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Ch A p. on the other band, declined his Majesty's gracious *—y—'offer, who proposed that themselves should nominate commissioners to take care of all preparations for the service of Ireland. Though pleased with the rojal condescension in this instance, they renewed their addresses; and the king, who, mortified and distracted by contending factions, had once entertained thoughts of relinquishing the English crown, and retiring to Holland, formed at length the more fortunate resolution of committing to his queen the reins of the English government, and of leading in person his forces in Ireland. various Restored gradually to health by wholesome food

operations ^

1690. and warm quarters, the troops of ochomberg were inspirited by the news of their sovereign's intention, and by the successes of the Enniskilleners. These fierce irregulars, having seized and fortified Belturbet, early in the February of 1690, proceeded thence, in the number of a thousand, under the command of the victorious Wolsey, to surprize the town of Cavan; but were unexpectedly intercepted by four thousand Jacobites, led by the duke of Berwick, detached from the main army at Ardee. The northerns, undaunted by this vast superiority, made a furious onset, drove the enemy from the field, and burst into the town. But here their irregularity might have caused their destruction; for, while they were occupied in plundering, the enemy rallied at the fort, and were proceeding to fall upon them in their disorder; when, forced from their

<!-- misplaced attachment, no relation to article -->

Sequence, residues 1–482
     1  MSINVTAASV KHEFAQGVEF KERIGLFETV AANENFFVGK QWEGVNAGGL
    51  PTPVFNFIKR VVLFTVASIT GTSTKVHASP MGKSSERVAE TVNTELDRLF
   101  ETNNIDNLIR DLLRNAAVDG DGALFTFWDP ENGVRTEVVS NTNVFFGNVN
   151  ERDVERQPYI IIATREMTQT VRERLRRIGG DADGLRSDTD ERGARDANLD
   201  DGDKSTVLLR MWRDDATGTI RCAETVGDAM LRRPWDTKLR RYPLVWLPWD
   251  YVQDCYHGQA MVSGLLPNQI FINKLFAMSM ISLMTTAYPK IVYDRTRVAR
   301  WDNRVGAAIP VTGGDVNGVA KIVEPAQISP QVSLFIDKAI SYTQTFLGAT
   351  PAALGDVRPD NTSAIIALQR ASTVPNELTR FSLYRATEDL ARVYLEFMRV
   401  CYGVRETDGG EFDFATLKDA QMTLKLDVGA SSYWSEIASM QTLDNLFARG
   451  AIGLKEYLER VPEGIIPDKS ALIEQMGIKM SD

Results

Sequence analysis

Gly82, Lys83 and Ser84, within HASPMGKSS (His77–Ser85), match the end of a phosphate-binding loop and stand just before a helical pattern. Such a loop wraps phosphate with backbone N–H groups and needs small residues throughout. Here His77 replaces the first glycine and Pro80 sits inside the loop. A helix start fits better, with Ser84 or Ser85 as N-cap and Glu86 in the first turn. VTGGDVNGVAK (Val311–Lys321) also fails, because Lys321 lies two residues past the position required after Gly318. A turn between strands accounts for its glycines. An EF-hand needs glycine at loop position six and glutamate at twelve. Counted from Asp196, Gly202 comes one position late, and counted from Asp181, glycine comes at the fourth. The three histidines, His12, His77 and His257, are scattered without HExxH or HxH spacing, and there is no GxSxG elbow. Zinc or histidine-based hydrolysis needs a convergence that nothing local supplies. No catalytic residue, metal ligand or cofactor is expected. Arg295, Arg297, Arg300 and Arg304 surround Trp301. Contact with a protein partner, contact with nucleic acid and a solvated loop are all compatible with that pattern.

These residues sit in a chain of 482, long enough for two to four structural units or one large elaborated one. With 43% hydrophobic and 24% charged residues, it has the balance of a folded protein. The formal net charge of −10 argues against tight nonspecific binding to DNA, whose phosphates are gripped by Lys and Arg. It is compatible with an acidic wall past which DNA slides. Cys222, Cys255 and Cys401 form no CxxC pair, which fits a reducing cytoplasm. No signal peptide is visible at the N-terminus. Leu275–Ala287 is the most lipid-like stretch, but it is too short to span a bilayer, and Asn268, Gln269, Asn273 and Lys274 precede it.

bboty by an effort of their commander, who found Chap himself obliged for that purpose to set the town in XXXII,f flames, the champions of Enniskillen were again collected, and completed their victory with considerable slaughter. In the mean time, with provisions and other necessaries, arrived reinforcements to the opposite armies; to Schomberg seven thousand Danes under the prince of Wirtemberg; to James five thousand French under the count Lausun. In exchange for these, five thousand Irish were sent to France; and James, who seems now to have relinquished the idea of depending solely on his own subjects for the recovery of his dominions, had little reason to rejoice in the exchange, as these auxiliars contemned his authority, and their commander paid little attention to his interest, permitting his troops to live at free quarter.